What's the wallaby on the label of that shiraz trying to tell you? What about the syrah label featuring a generic chateau? Dear Dara answers all your peskiest wine questions.
'Jesus Camp' pitches its tent in the other America
Minnesota-born Paul Nelson was a '60s folk revival pioneer and a founding father of rock writing
Consultant and candidate Hutchinson won't "shock the world"—but will he tip the race for gov?
Paul Demko, Diablo Cody, and Dylan Hicks offer three takes on MPR's new baby
We crowd-surfed with R.T. We bar hopped on light rail. And between some of our precious last sucks on a cigarette at the club, we scribbled it all down on a cocktail napkin.
The verdict on "values": It's a political advantage to have some
Dave Chappelle lights up the Orpheum stage; giggling ensues
What it takes to make it in funny business
Go ahead and judge new poetry by its packaging
The sad, strange case of Darren Odell and the sorry state of our insanity laws
Local smoothie maker Fresco eyes the big leagues
Xcel Energy says hydroelectric power is clean and reliable. For the Pimicikamak Cree Nation, it constitutes an ecological, social, and moral catastrophe.
Copeland's orphanage to open at Supertarget
Britney Spears's stardom intersects with something like freedom in 'Crossroads'
American Pie 2 and My Generation find the youth of America ready to plunk down
Lecherous teddy bears, chart-topping dummies, and hypersexed schoolgirls bubble up from the Walker's "Superflat" exhibit of Japanese art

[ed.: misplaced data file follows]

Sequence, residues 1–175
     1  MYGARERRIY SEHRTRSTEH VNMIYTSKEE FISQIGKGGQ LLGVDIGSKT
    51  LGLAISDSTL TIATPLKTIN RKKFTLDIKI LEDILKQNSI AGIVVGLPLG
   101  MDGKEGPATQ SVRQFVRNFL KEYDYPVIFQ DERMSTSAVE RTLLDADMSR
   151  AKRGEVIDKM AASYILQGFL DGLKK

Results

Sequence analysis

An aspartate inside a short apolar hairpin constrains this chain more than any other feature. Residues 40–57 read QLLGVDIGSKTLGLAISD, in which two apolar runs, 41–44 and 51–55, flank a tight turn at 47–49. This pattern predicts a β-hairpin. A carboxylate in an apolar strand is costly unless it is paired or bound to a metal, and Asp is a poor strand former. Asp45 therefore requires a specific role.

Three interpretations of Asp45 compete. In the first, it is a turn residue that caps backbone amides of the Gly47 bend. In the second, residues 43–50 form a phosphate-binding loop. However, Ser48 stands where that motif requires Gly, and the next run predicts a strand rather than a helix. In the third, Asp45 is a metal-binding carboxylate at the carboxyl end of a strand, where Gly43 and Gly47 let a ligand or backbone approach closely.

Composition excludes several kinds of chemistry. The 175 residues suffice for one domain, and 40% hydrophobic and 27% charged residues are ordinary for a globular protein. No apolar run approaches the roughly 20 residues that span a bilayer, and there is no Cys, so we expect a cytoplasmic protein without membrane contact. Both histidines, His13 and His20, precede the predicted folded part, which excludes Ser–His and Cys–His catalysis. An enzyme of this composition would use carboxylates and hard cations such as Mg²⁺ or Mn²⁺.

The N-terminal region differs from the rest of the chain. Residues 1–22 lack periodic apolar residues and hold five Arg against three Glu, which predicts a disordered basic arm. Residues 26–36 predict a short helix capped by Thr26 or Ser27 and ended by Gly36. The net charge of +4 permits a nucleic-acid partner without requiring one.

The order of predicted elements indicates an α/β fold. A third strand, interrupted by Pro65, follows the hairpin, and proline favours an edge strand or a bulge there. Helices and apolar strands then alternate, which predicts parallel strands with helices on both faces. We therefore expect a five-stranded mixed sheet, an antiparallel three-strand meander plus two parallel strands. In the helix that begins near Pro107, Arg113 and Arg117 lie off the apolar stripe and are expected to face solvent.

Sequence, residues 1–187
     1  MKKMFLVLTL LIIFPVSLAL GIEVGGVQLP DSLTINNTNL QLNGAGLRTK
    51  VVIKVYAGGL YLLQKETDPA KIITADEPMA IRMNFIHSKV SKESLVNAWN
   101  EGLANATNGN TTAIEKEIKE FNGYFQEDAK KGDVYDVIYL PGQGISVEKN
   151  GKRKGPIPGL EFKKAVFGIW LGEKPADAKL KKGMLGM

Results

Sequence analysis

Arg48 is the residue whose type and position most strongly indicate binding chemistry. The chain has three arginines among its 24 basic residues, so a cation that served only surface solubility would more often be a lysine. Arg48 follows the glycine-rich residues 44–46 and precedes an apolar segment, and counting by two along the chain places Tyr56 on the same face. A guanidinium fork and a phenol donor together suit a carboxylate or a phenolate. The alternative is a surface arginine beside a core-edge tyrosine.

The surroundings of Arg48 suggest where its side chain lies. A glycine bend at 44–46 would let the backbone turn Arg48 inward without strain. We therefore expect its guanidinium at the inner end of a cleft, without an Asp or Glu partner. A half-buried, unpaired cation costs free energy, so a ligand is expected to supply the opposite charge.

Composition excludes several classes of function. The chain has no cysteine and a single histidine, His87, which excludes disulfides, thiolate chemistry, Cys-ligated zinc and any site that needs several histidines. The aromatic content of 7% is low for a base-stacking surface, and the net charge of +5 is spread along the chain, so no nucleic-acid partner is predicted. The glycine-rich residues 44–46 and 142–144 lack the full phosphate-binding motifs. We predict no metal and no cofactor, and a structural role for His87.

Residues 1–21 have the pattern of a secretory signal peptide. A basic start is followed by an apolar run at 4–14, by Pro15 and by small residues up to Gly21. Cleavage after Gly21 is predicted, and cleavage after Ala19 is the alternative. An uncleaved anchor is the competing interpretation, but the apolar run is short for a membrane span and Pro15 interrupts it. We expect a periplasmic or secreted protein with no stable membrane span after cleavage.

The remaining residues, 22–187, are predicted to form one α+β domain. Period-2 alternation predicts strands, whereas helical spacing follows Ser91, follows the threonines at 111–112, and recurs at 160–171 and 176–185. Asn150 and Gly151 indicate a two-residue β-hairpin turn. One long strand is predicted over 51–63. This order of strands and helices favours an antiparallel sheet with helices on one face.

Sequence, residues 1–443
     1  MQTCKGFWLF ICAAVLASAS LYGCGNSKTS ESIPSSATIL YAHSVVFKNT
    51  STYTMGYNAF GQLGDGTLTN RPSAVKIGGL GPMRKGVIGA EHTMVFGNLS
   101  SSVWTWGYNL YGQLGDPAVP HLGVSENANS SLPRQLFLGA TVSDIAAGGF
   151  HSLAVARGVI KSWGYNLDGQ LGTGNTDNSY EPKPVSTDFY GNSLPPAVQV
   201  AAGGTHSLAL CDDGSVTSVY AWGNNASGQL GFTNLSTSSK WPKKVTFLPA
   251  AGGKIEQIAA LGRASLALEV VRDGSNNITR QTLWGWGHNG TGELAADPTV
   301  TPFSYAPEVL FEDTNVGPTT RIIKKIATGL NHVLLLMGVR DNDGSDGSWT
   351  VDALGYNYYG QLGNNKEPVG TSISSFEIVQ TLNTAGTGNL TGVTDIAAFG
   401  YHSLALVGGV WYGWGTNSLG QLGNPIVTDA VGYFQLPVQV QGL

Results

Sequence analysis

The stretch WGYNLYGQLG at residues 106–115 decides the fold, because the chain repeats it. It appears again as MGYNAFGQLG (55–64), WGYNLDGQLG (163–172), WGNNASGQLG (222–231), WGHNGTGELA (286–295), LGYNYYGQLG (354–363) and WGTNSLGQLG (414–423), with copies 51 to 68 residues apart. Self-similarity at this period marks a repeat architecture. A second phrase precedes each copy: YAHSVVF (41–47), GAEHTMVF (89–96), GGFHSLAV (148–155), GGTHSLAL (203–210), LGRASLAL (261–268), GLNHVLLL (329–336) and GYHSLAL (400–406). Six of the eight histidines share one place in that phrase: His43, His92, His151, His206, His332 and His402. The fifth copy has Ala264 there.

Temptation Island and The Mole: Seven deadly sins of highly effective networks
Fox's most promising sitcom of the season offers a middle-class family comedy for the middle decades of the last century
Michael Almereyda's contemporary Hamlet projects tragedy onto the screen of corporate culture
Journey through the new Dark Ages of Shakopee Valley with the cowled, the corseted, and the coxcombed
SuperAmerica is selling expansion at 40th & Lyndale. The neighbors aren't buying.
Prime Product Placement: Reebok smells like Thorsten Veblen in a spot from the British Television Advertising Awards at Walker Art Center.
Do This for the Remembrance of Me: Bob Flanagan in Sick.
Wedged between Target Center, the freeway, and the garbage incinerator, Currie Avenue is the terminal station for the city's unwanted.
It doesn't really matter whether he overtakes KQ and Tom Barnard. Either way, Howard Stern wins. And local radio loses.
USA Today, Tomorrow the World: Inside the only humor publication that matters
Nike's dissection of "The Jordan Moment"
Last night, while the nation trembled in anticipation of momentous changes,
Twister wisely jumps the gun on the summer blockbuster season.